Inspiration In The Time Of Coronavirus

Even in death, his inspiration lives on.

Photo by Nick Jio on Unsplash
Photo by Nick Jio on Unsplash

I’ve thought often about this giant of a man over the past few months, mostly in moments in which I’ve debated giving up.

When I’ve been at the gym and wanted to slow down or take a breather or resist going absolutely all out, he’s been there for me.

When I was struggling to deal with relationships I held dearly, my emotions wrestling me into submission, I thought of him.

When I wanted to leave at 5 on the dot, when I couldn’t be bothered to write, when all I wanted to do was just lay there and watch Netflix for hours on end, I imagined what he’d say to me.

This is a man with staggering accomplishments. This is a man with a work ethic so legendary, others with legendary work ethic marvel at him. This is a man who embodied the proverb, “Rest at the end, not in the middle.”

He left everything out there. I don’t know of one better example of a person who maximised every single drop of talent they were given. He knew that it was the process, the journey, working your ass off every damn day, he knew those were the important things. The results were great, and necessary. But engaging fully in the process meant fulfillment, that thing we’re all striving for.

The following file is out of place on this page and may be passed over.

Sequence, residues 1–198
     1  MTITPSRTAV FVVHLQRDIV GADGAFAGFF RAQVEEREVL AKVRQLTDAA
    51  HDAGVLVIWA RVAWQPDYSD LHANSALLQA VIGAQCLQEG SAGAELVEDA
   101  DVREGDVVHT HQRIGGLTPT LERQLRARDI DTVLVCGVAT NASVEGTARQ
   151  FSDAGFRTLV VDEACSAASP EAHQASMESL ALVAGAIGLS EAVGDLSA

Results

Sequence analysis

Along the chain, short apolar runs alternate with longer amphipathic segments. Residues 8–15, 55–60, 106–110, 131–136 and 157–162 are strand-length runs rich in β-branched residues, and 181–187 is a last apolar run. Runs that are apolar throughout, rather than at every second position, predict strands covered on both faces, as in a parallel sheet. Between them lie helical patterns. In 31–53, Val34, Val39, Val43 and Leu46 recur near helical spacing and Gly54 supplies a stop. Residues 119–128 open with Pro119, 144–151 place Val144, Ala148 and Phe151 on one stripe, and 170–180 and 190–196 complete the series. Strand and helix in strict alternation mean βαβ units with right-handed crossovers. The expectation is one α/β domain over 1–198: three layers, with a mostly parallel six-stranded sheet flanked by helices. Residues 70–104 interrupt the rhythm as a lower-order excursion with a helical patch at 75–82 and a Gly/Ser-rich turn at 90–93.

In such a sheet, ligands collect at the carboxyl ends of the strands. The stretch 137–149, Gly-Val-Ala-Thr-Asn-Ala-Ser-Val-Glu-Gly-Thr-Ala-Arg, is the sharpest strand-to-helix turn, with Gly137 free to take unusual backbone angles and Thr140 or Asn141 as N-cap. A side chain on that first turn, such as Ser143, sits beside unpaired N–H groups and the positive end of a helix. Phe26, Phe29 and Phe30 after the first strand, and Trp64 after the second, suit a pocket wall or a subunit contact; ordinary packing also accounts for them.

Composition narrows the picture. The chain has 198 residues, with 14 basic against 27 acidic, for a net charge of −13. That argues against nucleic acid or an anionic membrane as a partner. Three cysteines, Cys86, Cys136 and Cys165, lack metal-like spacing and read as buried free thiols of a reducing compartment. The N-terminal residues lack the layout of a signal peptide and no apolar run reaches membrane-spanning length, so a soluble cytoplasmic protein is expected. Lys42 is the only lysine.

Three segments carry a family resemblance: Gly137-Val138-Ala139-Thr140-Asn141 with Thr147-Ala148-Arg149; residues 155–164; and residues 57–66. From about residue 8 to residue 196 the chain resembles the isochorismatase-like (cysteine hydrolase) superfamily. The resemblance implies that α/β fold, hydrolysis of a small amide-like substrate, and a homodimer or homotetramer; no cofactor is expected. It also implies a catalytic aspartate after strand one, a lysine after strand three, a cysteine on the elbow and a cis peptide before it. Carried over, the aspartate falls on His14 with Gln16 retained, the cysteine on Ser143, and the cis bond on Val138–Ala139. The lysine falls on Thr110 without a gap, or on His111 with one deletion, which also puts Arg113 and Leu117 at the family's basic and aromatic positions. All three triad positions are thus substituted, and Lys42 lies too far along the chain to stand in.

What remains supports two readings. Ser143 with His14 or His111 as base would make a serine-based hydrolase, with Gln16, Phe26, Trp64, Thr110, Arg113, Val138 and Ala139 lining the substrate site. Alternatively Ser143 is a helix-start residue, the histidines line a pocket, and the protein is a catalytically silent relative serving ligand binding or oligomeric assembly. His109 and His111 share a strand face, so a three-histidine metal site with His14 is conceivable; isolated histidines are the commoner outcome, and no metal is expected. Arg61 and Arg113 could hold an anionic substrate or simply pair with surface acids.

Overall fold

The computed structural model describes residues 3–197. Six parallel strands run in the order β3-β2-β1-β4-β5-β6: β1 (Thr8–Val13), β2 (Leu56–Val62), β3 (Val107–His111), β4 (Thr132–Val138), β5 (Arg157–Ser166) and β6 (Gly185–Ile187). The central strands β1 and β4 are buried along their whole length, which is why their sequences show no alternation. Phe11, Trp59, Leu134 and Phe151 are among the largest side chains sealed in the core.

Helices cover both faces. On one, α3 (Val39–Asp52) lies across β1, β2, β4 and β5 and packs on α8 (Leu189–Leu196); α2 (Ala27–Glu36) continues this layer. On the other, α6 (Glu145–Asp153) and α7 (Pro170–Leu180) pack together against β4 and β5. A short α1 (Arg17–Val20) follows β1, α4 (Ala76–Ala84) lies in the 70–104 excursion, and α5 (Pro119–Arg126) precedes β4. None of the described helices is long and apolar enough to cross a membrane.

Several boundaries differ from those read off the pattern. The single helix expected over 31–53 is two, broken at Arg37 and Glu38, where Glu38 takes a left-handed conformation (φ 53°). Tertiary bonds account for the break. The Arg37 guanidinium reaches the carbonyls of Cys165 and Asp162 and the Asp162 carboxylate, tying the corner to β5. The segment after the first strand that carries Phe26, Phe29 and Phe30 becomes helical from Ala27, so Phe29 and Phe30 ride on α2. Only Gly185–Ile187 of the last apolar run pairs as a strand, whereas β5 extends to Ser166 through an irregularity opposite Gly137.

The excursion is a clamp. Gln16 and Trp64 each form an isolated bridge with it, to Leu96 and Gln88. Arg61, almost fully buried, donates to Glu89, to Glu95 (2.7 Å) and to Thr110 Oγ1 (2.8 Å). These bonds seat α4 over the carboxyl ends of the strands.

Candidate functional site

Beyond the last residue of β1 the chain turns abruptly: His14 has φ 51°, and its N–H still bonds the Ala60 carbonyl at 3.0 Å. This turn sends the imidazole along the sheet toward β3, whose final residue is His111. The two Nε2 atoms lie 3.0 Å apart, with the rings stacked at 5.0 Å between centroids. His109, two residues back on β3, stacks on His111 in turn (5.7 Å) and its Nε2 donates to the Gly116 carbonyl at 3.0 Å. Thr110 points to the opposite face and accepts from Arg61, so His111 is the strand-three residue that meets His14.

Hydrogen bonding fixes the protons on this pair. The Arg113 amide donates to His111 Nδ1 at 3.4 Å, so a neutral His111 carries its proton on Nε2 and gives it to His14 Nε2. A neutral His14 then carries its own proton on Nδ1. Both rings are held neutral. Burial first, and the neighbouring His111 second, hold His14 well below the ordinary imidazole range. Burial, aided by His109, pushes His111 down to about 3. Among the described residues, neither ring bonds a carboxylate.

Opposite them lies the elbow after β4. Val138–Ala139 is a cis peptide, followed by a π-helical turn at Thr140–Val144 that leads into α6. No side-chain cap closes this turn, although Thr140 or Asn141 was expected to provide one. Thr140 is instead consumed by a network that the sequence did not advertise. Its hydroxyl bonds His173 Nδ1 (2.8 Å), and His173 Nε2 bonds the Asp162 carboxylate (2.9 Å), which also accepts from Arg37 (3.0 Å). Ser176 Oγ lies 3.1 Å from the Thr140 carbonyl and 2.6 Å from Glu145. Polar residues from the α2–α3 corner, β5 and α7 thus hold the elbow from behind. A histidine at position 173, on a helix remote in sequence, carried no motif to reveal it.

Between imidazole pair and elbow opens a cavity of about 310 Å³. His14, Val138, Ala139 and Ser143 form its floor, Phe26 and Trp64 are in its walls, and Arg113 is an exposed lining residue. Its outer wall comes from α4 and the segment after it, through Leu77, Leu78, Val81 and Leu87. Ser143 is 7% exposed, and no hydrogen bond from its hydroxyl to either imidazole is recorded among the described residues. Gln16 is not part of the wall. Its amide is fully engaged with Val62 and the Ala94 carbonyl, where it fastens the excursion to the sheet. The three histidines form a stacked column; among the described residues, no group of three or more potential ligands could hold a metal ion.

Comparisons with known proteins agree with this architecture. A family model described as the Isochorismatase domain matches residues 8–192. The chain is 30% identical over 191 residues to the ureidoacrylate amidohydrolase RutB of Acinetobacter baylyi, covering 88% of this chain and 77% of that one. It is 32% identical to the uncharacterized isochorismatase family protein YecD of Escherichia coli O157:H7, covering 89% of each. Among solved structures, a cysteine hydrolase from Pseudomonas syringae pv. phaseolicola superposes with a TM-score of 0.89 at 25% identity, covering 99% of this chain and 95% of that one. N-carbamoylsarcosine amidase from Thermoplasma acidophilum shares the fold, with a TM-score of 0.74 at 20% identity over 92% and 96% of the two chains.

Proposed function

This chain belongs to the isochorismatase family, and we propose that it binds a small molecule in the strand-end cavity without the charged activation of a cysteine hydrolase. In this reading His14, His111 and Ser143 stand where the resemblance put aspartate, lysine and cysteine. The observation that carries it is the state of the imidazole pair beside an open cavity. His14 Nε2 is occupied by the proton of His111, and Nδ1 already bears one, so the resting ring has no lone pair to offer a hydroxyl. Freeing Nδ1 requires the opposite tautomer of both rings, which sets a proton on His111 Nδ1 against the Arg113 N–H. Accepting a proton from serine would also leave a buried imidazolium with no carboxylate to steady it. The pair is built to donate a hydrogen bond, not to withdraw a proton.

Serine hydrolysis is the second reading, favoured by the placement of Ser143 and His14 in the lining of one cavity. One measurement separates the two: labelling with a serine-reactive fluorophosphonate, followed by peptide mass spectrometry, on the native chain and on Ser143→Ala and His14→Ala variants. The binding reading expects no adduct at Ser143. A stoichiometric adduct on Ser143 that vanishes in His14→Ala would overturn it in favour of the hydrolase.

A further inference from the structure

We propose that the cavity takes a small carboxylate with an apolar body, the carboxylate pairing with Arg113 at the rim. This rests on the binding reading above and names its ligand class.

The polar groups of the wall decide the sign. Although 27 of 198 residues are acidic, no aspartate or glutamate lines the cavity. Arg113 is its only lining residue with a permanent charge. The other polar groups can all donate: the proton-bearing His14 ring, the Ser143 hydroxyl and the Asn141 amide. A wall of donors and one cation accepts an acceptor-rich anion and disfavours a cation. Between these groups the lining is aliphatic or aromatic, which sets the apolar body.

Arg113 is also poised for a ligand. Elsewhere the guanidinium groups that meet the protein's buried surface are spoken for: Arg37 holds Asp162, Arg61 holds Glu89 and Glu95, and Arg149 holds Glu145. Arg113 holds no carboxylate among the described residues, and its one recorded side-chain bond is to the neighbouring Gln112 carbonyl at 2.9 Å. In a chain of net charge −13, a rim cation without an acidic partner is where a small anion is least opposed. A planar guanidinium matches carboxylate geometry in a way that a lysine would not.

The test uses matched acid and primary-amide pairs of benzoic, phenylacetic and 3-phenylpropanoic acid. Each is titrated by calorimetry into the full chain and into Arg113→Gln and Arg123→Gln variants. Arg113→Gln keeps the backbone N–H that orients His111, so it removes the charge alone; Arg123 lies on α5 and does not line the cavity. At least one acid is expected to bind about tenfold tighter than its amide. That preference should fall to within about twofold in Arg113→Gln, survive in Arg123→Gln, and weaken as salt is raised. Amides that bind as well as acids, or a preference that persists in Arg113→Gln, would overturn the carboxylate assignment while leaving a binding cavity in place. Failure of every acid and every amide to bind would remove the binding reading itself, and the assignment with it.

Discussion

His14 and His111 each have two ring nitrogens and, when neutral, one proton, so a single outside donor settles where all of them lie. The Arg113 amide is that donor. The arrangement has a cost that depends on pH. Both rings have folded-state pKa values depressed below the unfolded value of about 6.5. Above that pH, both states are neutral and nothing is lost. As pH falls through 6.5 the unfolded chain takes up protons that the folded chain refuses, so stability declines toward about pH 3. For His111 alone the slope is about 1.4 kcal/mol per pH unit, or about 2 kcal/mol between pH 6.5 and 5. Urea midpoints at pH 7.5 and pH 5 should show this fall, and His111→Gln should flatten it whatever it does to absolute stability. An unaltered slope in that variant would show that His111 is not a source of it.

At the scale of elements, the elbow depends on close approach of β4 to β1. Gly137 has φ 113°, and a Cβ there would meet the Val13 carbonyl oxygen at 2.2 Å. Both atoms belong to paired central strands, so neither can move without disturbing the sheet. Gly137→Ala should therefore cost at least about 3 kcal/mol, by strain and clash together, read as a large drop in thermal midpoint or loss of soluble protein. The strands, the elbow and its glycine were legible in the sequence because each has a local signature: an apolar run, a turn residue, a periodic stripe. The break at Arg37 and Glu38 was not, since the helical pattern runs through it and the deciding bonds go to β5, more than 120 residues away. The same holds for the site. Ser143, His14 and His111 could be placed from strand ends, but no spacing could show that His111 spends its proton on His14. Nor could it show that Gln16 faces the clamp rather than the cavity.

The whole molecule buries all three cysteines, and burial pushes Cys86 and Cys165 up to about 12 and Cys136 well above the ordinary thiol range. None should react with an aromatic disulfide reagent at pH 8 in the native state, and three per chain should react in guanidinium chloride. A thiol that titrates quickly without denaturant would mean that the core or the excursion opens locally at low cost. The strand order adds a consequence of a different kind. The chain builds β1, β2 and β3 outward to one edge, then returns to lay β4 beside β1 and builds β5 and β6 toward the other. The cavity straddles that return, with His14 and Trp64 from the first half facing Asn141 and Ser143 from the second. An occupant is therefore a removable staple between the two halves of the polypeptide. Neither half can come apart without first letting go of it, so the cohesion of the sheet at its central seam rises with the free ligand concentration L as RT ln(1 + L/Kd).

These are his words:

“You guys know that if you do the work, if you work hard enough, dreams come true. You know that, we all know that. But hopefully what you get from tonight is the understanding that those times when you get up early and you work hard, those times when you stay up late and you work hard, those times when you don’t feel like working and you’re too tired and you don’t wanna push yourself but you do it anyway…

That is actually the dream. That’s the dream. It’s not the destination, it’s the journey. And if you guys can understand that, then what you’ll see happen is that you won’t accomplish your dreams. Your dreams won’t come true.

Something greater will.”

Some of you will now realise I’m talking about Kobe Bryant.

He inspires me because it seems like he got immense fulfilment from the process and immense joy from the results.

He understood you don’t get the results without the process. And it seems like he understood that even if you do get results without working your hardest and doing your best, the results feel a bit hollow.

Just a few hours before Kobe died, I was speaking to my parents about this concept and the exact speech Kobe gave at his jersey retirement ceremony. That evening through to late that night, my friends and I spent the evening talking about him. How great of a basketball player he was, yes. But more importantly how he made himself into one of the greatest of all time.

Mamba Mentality. And it couldn’t be more relevant for these strange, tough times we’re living through.

We’re right in the middle of it. No time to rest.

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